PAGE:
Oral antibiotics used to treat acne include erythromycin and tetracyclines such as minocyclin and lymecycline (Tetralysal) to kill the bacteria. However reducing the p.acnes bacteria will not reduce the oil secretion and abnormal inflammation which cause of the blocked follicles. Secondly, resistance to p.acnes is becoming more and more common. It should be noted that it may take several weeks for these medications to cause visible results; in addition, oral antibiotics have interactions with other drugs, such as the contraceptive pill, and side effects such as an upset stomach. Patients often require months or even years of treatment with antibiotics and therefore many patients look for alternative approaches.

Hormonal treatments:

In females, acne can be improved with hormonal treatments. This is usually achieved with an oral contraceptive pill called dianette which reduces androgens produced.

Topical retinoids:

These are a family of medicines related to vitamin A. They act by normalising the follicle cell cycle and preventing hyperkeratinization which contributes to blockage of the follicles. They can be highly effective but can cause irritation and also a flare up the acne when first used. Recently some over the counter moisturisers are advertised to contain retinoids; however, this will be in very small concentrations compared to that which is available from a doctor.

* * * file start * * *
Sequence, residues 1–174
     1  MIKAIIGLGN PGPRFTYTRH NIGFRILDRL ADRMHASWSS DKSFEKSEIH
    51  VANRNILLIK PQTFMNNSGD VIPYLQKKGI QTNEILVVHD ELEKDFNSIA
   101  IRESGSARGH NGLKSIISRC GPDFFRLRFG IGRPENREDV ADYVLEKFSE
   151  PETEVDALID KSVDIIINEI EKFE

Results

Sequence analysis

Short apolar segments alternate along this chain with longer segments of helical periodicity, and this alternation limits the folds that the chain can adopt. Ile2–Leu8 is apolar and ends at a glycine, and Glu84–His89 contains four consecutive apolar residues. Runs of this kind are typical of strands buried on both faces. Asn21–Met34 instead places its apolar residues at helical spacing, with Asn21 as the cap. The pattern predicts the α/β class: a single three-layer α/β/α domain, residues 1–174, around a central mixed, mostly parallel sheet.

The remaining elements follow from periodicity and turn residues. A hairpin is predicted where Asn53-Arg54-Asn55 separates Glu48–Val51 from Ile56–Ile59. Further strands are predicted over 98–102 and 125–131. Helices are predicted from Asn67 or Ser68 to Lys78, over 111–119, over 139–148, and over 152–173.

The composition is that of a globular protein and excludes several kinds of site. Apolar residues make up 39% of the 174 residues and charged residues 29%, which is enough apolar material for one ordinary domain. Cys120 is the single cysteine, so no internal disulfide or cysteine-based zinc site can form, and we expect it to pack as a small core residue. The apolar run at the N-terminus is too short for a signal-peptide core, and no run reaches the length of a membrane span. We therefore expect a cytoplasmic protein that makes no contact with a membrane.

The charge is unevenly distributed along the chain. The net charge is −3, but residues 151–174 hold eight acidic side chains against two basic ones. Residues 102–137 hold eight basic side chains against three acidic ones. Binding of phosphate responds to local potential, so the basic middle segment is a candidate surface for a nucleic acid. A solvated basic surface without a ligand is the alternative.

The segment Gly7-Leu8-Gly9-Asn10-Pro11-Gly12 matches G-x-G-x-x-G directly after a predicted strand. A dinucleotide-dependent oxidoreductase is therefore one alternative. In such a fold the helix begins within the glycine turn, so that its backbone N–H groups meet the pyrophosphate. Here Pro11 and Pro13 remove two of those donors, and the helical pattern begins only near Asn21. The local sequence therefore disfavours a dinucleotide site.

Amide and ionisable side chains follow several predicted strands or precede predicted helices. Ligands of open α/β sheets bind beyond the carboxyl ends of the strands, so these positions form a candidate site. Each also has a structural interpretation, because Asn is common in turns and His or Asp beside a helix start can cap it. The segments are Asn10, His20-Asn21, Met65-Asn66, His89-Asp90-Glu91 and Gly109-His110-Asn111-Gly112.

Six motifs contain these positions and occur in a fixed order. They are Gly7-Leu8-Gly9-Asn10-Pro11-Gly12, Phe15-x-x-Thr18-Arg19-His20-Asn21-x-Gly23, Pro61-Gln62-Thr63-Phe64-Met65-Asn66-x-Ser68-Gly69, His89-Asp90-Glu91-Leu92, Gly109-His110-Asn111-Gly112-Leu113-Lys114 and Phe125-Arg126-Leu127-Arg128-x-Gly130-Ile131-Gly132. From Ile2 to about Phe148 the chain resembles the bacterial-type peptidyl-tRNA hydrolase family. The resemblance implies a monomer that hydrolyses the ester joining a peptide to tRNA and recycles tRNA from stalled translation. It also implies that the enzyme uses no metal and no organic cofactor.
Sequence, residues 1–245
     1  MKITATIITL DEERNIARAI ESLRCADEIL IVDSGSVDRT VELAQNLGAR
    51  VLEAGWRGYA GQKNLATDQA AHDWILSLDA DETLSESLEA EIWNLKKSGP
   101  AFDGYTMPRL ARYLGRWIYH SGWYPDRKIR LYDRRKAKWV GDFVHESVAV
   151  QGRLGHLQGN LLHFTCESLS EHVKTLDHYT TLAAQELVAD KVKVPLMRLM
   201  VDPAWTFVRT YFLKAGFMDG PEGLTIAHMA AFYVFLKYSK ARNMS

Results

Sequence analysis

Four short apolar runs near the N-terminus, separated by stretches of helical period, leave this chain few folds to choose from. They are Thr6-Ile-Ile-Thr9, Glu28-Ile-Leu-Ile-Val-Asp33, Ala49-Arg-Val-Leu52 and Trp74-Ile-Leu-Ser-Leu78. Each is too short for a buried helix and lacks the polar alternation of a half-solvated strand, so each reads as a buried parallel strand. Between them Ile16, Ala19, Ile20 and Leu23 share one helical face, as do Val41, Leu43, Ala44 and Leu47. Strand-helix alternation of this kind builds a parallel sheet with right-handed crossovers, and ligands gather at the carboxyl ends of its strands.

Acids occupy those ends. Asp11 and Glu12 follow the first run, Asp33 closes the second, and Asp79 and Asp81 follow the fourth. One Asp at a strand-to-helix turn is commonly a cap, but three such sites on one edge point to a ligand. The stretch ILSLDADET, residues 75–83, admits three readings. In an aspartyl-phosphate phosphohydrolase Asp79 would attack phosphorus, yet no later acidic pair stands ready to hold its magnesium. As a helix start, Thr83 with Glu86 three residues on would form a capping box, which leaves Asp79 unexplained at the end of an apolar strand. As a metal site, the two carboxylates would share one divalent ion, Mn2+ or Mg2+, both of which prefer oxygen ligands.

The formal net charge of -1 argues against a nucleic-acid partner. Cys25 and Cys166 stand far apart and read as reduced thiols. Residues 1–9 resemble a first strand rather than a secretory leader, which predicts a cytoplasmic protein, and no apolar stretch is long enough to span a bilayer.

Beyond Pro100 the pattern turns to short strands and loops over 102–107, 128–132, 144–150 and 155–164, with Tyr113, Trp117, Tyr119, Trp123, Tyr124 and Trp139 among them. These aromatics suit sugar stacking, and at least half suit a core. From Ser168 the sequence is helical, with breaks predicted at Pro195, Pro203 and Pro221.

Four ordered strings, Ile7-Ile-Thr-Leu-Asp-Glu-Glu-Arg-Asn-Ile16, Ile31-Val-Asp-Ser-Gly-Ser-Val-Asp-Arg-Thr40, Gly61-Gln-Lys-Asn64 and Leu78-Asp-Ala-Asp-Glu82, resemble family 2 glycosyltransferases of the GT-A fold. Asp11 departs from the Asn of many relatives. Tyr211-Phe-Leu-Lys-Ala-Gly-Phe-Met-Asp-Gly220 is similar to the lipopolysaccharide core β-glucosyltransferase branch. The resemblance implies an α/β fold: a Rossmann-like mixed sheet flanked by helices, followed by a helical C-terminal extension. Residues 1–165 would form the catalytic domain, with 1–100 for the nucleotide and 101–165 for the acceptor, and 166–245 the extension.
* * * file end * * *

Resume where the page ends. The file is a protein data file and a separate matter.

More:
Oral retinoids:

These are a family of medicines related to vitamin A. They act by normalizing the follicle cell cycle, prevent hyperkeratinization which contributes to blockage of the follicles. This medication is reserved for only the most severe acne which is [1] not amenable to other treatments [2] is at risk or begun to cause scarring or [3] is having a negative psychological effect on the person. The treatment requires close medical supervision by a skin specialist due to the potential side effects such as dry skin, nose bleeds, liver damage, derangement of triglycerides in blood and depression. For females it is essential that they do not become pregnant for the duration and for some time after the treatment; this is because oral retinoids can severely damage the growing foetus.